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Thread: Grandfather's Original B-3 - USAAF WWII Shearling Flying Jacket

  1. #1
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    Feb 2012
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    Default Grandfather's Original B-3 - USAAF WWII Shearling Flying Jacket

    I'm sure you're familiar with this type of USAAF WWII shearling jacket. It has some issues from storage. I'm now the caretaker of this piece of history.

    It has dried a little. Still flexible over 90% of the surface. Has 2 tears. One 3 inches long on the back (from the rear of the closet) and one along the shoulder seam from being on a hanger for years. I would like to condition this jacket so that it is supple enough to be patched and then place on a form to display. I can send pics. The jacket has very minimal flaking.

    What or how would you recommend it be reconditioned and do you know of a specialist in the Michigan area that could preform the patching?

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  2. #2
    Join Date
    Feb 2007
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    Greater Vancouver, Canada.
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    Default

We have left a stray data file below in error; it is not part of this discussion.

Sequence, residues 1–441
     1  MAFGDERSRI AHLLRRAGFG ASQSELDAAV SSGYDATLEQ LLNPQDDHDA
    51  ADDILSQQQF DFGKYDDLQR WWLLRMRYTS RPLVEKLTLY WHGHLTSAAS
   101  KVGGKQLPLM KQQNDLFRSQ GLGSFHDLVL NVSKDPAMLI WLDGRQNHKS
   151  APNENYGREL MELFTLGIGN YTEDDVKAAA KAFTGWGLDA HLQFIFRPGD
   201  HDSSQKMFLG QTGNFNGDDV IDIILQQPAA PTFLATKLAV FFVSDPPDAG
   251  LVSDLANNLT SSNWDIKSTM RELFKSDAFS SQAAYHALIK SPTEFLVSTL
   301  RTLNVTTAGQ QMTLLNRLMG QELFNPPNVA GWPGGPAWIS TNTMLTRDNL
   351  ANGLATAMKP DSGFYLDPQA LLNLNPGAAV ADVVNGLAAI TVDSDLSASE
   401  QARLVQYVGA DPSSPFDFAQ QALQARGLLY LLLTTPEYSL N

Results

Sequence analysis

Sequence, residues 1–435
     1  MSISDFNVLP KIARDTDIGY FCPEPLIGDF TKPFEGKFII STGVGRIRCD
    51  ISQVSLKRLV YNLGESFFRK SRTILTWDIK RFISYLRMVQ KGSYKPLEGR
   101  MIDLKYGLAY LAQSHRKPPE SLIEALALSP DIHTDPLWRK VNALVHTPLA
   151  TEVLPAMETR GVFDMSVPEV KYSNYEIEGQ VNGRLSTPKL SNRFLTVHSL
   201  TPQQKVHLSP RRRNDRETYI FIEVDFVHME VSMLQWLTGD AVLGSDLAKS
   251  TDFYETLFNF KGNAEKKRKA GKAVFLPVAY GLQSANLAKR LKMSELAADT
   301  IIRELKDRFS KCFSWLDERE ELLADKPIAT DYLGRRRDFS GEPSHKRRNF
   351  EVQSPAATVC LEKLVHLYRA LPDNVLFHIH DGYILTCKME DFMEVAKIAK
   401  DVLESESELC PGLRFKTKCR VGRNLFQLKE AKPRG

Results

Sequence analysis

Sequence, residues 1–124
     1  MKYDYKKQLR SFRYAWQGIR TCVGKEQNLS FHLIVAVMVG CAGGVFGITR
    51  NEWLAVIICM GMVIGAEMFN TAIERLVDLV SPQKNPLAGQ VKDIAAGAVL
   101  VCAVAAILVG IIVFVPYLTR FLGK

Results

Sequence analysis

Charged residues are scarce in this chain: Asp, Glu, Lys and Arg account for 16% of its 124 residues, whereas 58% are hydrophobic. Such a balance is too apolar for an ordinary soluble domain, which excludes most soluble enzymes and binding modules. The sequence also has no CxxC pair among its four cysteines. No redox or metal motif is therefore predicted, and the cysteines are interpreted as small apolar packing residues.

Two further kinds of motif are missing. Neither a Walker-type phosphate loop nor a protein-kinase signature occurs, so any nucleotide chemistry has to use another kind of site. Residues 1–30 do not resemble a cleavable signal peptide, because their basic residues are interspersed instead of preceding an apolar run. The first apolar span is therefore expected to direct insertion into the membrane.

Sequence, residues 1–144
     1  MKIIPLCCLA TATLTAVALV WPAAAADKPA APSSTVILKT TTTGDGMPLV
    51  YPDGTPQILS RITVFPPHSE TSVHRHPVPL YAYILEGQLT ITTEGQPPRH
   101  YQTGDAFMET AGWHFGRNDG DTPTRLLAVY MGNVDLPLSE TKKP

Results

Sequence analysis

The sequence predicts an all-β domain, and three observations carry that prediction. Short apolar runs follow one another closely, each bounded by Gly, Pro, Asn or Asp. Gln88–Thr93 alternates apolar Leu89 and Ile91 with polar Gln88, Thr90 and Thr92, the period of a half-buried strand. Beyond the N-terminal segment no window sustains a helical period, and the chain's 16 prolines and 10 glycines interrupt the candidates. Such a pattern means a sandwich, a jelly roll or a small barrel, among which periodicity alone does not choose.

>>> I would like to condition this jacket so that it is supple enough to be patched and then place on a form to display.

    The leather suppleness depends on its original fatliquor still remains on the leather structure. Just like the smoothness of engine depends on lubricants. In order to fatliquor the leather structure more efficiently with better distribution it has first need to be condition with Hydrator-3.3. Hydrator-3.3 will help to relax and separates any stick-together fiber allowing the millions of interlocking fibrillary structure acting like hinges with free movement. Before the hydrator dries up a timely Fatliquor-5.0 [ionic negative (-ve) charged fat and oil] is hydrogen bond with the ionic positive (+ve) leather protein fiber. The fat content plumps the leather with fullness and the oil lubricates the fiber with smoothness. The suppleness or softness with strength depends much on the fatliquor and averages should provides a 2000psi in tensile strength. An industrial working leather would need up to 6000psi. And astrength below 1800psi will loose its tear-strength. Suppleness and strength depends on the life-blood of leather – the fatliquor.


    >>> Has 2 tears. One 3 inches long on the back (from the rear of the closet) and one along the shoulder seam from being on a hanger for years.


    Since shearling is wool as the inner-face and nappalan on the outer-face as a single structure, repairs has to be done on the nappalan side delicately resulting looking like a natural scar as the end result. Fine needle stitches hold the tear closed and it is lay with donor suede fiber and bond with Bond-3D to becomes part of the leather, a technique similar to fiberglass construction or repair. Matching colors does the color repairs with an opaque pigment first to block and blend in the repairs and a transparent coating dyestuff to restores the beauty of depth. AnilineTop-76 seals the color and Protector-B for reduce friction rubs.